Smartphone use stock image

Don’t blame notifications: Users themselves responsible for 89% of phone interactions

Study finds almost all smartphone interactions are initiated by the user, not a notification

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A new study has found that the vast majority of smartphone interactions are initiated by users themselves and not by an attention-grabbing notification.

It was found that 89 percent of smartphone interactions are initiated by the user, compared to just 11 percent due to being alerted by an attention-grabbing notification like a message, call or email.

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The study also discovered that many smartphone interactions are unconscious and are not noticed by users absentmindedly picking up their handsets. Regardless of context, it was found participants in the study interacted with their phones about every five minutes.

Called Computers in Human Behavior and published on November 21, the study's findings go against what was understood about smartphone behavior. It has previously been reported that smartphone notifications are the problem, pulling our attention away from work, family and friends.

The study followed the use habits of 37 smartphone owners in the UK, Germany and France, with an average age of 25 and just over half being male. The participants were each given wearable video cameras which recorded 200 hours of first-person footage and 1,130 smartphone interactions. The study was led by Max Heitmayer and Saadi Lahlou, both from the London School of Economics.

Smartphone use stock imageEach phone interaction lasted an average of 64 secondsiStock

The authors wrote: "Previous research suggests [smartphone notifications] can be a major disruption to the professional and private lives of users...We show how smartphone interactions are driven by a complex set of routines and habits users develop over time. We furthermore observe that while the duration of interactions varies, the intervals between interactions remain largely invariant across different activity and locations contexts, and for being alone or in the company of others."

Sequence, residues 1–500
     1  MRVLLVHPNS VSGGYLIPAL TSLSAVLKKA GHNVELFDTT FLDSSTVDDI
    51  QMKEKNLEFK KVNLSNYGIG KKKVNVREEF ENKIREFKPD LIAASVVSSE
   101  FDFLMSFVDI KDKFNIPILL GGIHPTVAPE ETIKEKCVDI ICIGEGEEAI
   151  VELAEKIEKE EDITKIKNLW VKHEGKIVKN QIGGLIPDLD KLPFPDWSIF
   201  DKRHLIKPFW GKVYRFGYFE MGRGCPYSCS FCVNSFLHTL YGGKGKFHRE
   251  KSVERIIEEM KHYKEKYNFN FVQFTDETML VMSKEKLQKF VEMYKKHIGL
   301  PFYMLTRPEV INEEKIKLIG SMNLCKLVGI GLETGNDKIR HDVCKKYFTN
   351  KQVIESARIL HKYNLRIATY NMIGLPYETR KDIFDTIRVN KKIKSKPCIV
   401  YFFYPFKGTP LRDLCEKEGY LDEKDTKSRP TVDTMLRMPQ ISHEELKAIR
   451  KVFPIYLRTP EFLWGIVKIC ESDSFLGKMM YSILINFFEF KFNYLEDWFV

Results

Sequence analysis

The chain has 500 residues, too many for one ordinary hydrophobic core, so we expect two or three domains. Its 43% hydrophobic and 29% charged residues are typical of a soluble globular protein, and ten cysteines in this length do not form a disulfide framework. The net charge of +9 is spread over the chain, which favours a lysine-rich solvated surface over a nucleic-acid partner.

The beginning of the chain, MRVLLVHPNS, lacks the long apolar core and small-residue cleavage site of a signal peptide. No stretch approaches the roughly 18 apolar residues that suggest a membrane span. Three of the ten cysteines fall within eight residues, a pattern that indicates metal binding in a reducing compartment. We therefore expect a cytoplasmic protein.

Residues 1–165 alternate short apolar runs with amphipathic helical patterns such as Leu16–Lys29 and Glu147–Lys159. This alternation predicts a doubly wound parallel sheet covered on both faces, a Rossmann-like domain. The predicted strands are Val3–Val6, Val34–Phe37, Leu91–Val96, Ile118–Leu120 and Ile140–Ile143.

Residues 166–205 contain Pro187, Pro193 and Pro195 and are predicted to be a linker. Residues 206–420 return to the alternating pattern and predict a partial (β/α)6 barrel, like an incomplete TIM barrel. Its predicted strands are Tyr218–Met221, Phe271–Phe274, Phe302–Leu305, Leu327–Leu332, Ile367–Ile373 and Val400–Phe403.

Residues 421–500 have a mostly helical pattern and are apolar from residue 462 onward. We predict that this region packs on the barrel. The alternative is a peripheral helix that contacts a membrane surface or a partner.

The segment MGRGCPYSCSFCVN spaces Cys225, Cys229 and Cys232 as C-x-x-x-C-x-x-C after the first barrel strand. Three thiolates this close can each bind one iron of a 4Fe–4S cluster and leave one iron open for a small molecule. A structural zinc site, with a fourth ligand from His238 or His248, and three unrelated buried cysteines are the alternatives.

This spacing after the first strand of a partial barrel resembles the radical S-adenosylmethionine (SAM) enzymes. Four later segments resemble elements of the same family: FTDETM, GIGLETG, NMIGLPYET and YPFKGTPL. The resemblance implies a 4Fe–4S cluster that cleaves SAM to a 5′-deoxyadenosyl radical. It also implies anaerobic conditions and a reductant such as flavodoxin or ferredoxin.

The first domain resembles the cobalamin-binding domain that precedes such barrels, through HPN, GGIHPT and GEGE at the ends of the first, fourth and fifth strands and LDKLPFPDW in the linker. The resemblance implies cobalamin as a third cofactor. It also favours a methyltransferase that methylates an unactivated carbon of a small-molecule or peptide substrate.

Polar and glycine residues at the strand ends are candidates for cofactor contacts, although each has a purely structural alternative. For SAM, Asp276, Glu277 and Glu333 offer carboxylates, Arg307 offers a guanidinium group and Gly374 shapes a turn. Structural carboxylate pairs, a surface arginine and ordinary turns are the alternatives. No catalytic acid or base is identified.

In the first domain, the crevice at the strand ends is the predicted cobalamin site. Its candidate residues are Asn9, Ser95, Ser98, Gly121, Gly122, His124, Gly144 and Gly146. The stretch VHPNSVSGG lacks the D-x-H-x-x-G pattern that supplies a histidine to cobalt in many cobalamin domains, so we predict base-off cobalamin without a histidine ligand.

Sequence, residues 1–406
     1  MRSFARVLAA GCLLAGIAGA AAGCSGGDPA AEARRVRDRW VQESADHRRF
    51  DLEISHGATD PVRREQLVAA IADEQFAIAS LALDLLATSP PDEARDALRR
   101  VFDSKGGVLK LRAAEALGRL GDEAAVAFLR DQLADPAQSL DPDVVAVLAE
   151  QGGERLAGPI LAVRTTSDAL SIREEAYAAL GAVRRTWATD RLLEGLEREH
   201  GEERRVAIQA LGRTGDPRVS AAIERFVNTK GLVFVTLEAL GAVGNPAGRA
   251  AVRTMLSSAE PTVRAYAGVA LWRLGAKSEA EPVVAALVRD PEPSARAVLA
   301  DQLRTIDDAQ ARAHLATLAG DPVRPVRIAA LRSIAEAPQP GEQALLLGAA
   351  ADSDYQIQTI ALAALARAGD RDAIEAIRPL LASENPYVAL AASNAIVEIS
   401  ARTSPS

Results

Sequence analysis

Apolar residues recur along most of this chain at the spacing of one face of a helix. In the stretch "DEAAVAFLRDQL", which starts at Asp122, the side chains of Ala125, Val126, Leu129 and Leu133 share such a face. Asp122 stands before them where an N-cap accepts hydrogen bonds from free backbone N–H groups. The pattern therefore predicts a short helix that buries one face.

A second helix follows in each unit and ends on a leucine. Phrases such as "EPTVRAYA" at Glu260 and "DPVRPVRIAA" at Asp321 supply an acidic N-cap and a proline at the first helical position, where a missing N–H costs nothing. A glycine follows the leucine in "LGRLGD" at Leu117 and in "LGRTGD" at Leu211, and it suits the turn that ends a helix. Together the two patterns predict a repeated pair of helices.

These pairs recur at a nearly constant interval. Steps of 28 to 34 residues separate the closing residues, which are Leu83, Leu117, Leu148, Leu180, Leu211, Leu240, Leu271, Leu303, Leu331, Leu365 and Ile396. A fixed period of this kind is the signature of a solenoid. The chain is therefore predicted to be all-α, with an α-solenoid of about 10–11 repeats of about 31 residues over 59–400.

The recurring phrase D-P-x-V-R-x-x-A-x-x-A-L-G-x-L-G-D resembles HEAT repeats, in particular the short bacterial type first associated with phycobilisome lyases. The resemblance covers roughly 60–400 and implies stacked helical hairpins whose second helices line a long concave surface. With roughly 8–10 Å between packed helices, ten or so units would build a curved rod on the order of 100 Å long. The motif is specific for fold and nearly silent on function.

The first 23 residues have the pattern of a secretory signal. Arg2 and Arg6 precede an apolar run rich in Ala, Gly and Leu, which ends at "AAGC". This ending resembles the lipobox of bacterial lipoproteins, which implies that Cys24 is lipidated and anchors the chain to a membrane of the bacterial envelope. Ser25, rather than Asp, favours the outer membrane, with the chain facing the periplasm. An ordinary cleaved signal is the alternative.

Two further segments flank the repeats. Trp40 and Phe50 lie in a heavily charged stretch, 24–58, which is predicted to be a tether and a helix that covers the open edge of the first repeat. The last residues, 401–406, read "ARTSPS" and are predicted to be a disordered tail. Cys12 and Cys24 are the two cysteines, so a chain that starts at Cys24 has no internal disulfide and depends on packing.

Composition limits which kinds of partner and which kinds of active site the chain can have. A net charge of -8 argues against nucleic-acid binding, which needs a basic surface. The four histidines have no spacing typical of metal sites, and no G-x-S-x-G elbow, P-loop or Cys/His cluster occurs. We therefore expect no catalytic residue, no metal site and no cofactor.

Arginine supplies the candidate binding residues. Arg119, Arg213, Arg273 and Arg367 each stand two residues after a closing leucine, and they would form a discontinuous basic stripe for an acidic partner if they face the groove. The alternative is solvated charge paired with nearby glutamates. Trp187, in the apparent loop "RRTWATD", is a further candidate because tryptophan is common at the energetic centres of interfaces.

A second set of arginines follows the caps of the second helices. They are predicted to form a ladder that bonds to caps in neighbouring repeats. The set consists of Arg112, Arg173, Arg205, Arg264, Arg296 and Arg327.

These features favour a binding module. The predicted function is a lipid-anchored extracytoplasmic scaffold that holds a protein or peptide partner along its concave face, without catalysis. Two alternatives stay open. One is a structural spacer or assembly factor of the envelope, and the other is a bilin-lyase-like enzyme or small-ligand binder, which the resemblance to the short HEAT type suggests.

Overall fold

Interestingly, the authors add: "We find that 89 percent of smartphone interactions are initiated by users, not by notifications. Overall this suggests that the disruptiveness of smartphones is rooted within learned user behaviors, not devices."

This finding echoes the longstanding liknesses drawn between smartphone applications, especially social media apps like Twitter and Instagram, and gambling machines. Their never-ending columns of content and constant potential for positive feedback in the form of messages, 'likes' and other messages from others, is likened to the psychological pull of slot machines and their promise or reward for little effort.

Reported further by Psych News Daily, the study found the average duration of a smartphone interaction was 64 seconds, with about half being 23 seconds of less. It also found that checking WhatsApp for new messages accounted for 22 percent of interactions – however it should be noted WhatsApp is far more popular in Europe than in the US.

Phone calls accounted for just 1 percent of handset interactions, while a "lock screen check," picking up the phone for a moment to check for notifications, made up 17 percent of interactions and was the second most popular behind WhatsApp.

It was even found that participants felt compelled to check their smartphones even when notifications were switched off. "Seeing this has made me realize That I don't even remember picking it up," one participant told the study's authors.

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